Additional topic information: Since immunodeficiency causes this virus to progress to PML, immunosuppressants are contraindicative to those infected. We should note that in fact, a number of marketed drugs have been associated with PML with according action by the FDA as follows: The boxed warning for the drug Rituximab (Rituxan) includes a statement that JC virus infection resulting in PML and death has been reported in patients treated with the drug. The boxed warning for the drug Natalizumab (Tysabri) includes a statement that JC virus resulted in progressive multifocal leukoencephalopathy developing in three patients who received natalizumab in clinical trials. The boxed warning was added on Feb. 19, 2009, for the drug Efalizumab (Raptiva) includes a statement that JC virus, resulting in progressive multifocal leukoencephalopathy, developed in three patients who received efalizumab in clinical trials. The drug was pulled off the market because of the association with PML on April 10, 2009. A boxed warning for Brentuximab vedotin (Adcetris) was issued by the FDA on January 13, 2011 after two cases of PML were reported. Lately, risks for the development of PML in some patients taking Dimethyl Fumarate (Tecfidera) and Belatacept (Nulojix) have been discussed as well.
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May 11, 2018
The U.S. Food and Drug Administration today approved Gilenya (fingolimod) to treat relapsing multiple sclerosis (MS) in children and adolescents age 10 years and older. This is the first FDA approval of a drug to treat MS in pediatric patients.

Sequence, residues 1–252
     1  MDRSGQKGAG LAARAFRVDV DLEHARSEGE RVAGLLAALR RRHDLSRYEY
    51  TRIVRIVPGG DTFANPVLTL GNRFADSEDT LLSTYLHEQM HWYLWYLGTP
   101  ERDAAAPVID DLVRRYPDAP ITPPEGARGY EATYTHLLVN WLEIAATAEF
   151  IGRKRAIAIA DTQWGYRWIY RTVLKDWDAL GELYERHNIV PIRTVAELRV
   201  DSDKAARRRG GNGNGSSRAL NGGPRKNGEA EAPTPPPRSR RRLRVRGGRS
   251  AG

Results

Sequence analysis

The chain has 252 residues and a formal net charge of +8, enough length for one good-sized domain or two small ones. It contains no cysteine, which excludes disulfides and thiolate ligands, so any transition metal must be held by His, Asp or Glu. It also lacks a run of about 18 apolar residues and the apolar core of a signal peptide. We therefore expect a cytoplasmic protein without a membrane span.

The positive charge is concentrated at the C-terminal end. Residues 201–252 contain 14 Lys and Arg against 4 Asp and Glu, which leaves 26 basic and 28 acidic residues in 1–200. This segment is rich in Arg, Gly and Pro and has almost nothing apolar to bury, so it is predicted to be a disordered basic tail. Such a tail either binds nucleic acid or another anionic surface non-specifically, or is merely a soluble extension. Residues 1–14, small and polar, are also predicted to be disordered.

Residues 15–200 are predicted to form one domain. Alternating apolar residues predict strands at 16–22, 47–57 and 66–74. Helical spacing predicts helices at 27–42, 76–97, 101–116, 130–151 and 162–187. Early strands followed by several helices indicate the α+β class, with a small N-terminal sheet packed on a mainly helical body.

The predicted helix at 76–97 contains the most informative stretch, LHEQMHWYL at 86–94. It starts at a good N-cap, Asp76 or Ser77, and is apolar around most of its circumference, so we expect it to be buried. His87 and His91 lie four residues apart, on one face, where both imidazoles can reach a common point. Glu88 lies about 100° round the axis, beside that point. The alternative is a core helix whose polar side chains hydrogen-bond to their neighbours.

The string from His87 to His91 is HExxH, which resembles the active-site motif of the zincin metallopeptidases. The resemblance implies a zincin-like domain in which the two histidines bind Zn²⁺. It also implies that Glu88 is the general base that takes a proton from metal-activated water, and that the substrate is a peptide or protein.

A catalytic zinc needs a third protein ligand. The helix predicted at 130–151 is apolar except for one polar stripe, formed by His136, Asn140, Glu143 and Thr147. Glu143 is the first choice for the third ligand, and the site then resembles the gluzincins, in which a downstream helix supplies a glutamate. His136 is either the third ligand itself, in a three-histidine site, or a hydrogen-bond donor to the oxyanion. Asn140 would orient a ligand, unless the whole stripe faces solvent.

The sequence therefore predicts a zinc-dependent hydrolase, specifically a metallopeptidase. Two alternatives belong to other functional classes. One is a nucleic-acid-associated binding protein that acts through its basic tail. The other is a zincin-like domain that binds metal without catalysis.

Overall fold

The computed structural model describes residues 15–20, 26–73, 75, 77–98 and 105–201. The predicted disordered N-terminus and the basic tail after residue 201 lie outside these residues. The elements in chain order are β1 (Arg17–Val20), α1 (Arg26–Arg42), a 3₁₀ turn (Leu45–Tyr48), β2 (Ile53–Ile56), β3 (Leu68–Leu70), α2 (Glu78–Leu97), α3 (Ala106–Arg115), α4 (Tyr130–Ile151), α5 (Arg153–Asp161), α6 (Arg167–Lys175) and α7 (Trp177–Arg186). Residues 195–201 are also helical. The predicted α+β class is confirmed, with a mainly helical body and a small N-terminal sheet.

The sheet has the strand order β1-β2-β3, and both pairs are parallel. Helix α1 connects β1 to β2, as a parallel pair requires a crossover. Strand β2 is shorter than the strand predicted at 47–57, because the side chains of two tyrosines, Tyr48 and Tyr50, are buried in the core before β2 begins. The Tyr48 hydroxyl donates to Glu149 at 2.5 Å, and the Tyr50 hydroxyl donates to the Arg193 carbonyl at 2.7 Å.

Be aware however, that the side effects of Gilenya in pediatric trial participants were similar to those seen in adults. The most common side effects were headache, liver enzyme elevation, diarrhea, cough, flu, sinusitis, back pain, abdominal pain and pain in extremities.
Gilenya must be dispensed with a patient Medication Guide that describes important information about the drug’s uses and risks. Serious risks include slowing of the heart rate, especially after the first dose. Gilenya may increase the risk of serious infections. Patients should be monitored for infection during treatment and for two months after discontinuation of treatment. A rare brain infection that usually leads to death or severe disability, called progressive multifocal leukoencephalopathy (PML) has been reported in patients being treated with Gilenya. PML cases usually occur in patients with weakened immune systems. Gilenya can cause vision problems. Gilenya may increase the risk for swelling and narrowing of the blood vessels in the brain (posterior reversible encephalopathy syndrome). Other serious risks include respiratory problems, liver injury, increased blood pressure and skin cancer. Gilenya can cause harm to a developing fetus; women of child-bearing age should be advised of the potential risk to the fetus and to use effective contraception.
For the full announcement, see here: https://www.fda.gov/NewsEvents/Newsroom/PressAnnouncements/ucm607501.htm
Taking medication comes with risks. Not taknig it comes with risks.Having a medical procedure comes with risks. Not having it comes with risks. As an MS patient I have always been willing to take the risks of increased liver damage, possibility of developing leukemia, increased risk of cardiotoxicity ..and these are with the drugs. I took the risk of venous angioplasty, and I won that gamble .more than I can say about the risks of the drugs where I came out short-changed. Christopher ..Wolfville, Nova Scotia